Bird-Spotting Science: Predicting a Bird’s Lifestyle Based on its Feet
Have you ever wondered how animals can survive in all sorts of extreme environments, from a polar bear that’s out and about when it’s -40°F and a desert iguana finding food as the temperature rises to 110°F, to a deep sea anglerfish living thousands of feet down in the sea? How do they do it? The answer is adaptations! Their bodies have special features that allow them to live in those environments. In this activity, you’ll investigate what the adaptations of birds in your area tell you about those birds’ lifestyles. Get ready to do some bird watching!
This activity is not appropriate for use as a science fair project. Good science fair projects have a stronger focus on controlling variables, taking accurate measurements, and analyzing data. To find a science fair project that is just right for you, browse our library of over 1,200 Science Fair Project Ideas or use the Topic Selection Wizard to get a personalized project recommendation.
If you were an animal with a thick layer of fat under your skin and a heavy coat of fur, like a polar bear, would you live in a tropical forest? No way! You’d be way too hot! But if you lived in the cold of the Arctic, near the North Pole, these adaptations would be necessary to keep you warm. All creatures have adaptations. Some adaptations help animals deal with the climate, like the polar bear example above. Other adaptations help animals move better in their environment, blend in with their surroundings so they don’t get eaten by predators, or can successfully get dinner.
Birds are animals with a lot of specific and useful adaptations. One major adaptation is the shape of their feet. Have you ever looked at a bird’s feet and noticed how different they are from other types of birds’ feet? For example, chickens and ducks are both birds, but they have very differently shaped feet. Chicken feet have relatively long skinny toes with strong, sharp nails, while ducks have webbed feet. Chickens’ feet allow them to scratch at the ground and find insects and seeds to eat, while ducks’ feet help them paddle in the water.
Extra: In this activity, you looked at the general lifestyle of a bird, but there are many aspects that go into a bird’s lifestyle, such as where they nest, where they roost, and how they get food. Pick one of these aspects and investigate again how well the bird’s foot type is as an indicator of that part of its lifestyle. How good is a bird’s foot type at, for example, predicting how it gets its food?
Extra: Try this activity again but this time compare the birds’ beaks instead of their feet. How well can a bird’s beak be used to predict their lifestyle, and/or specifically what they eat? Do birds with different types of beaks eat different things?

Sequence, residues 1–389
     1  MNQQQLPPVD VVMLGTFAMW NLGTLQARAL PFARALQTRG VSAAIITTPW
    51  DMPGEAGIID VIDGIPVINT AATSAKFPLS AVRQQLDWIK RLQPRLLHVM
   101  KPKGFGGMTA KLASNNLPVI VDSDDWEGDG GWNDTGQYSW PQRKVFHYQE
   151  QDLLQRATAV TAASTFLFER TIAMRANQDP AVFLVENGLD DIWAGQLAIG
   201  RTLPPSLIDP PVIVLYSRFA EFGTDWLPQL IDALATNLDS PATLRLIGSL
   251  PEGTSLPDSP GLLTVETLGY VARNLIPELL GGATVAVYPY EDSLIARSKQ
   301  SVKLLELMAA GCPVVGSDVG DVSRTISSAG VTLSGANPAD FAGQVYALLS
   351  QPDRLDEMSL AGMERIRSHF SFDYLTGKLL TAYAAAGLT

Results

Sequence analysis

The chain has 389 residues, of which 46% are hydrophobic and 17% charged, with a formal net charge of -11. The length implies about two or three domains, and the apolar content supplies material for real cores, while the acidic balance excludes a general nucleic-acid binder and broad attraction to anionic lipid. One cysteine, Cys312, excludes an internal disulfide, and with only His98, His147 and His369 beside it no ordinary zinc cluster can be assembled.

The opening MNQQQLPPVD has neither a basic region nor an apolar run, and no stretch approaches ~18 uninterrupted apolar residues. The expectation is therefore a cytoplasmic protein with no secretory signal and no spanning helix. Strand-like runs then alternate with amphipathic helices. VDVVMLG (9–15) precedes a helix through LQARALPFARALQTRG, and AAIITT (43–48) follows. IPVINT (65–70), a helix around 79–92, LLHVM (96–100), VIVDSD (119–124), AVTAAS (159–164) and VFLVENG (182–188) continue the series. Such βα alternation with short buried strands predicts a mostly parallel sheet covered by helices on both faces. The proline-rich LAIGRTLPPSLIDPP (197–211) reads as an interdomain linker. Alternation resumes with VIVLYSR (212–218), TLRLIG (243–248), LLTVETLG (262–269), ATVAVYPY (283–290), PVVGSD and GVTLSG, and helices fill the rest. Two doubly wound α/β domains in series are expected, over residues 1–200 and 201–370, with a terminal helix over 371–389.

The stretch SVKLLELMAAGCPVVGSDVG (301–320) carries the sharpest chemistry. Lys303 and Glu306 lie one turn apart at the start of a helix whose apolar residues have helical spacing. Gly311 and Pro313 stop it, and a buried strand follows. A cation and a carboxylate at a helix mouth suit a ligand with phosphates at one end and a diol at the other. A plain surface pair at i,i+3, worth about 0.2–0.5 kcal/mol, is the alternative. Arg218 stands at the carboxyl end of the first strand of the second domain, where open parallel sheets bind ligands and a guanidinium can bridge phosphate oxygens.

Extra: Pick two diverse habitats, like the beach and a forest, and investigate the species of birds in those areas. Do birds in the same habitat have similar types of feet? How about birds in different habitats?
Observations and Results
Were you able to use the type of foot that each species of bird has to usually accurately predict that bird’s lifestyle?
Chickens’ feet are adapted to allow them to scratch at the ground and find insects and seeds to eat, while ducks’ feet are adapted to help them paddle in the water. In this activity you should have seen that a bird’s feet are usually a good indicator of the type of lifestyle it leads. For example, the common House sparrow (Passer domesticus) has perching-type feet, and it indeed spends a lot of time perching on trees, other plants, and structures in different environments (from parks, gardens, farms, woodlands, deserts, rural and urban areas, and more). Similarly, lovebirds (of the genus Agapornis), African greys (Psittacus erithacus), cockatiels (Nymphicus hollandicus), and other parrots you might find in pet stores and aviaries have climbing feet, and not only do they frequently climb in captivity, but in the wild they also spend much time doing this, often climbing on, and nesting within, trees in wooded areas. However, the type of feet a bird has might not reflect every aspect of its lifestyle. For example, many birds have climbing- or perching-type feet, but mostly forage on the ground. This includes mourning doves (Zenaida macroura), the American Robin (Tardus migratorius), frequently parrots, and many other bird species.
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Teisha Rowland, PhD, Science Buddies
Science Buddies |
Animals, biology, adaptations
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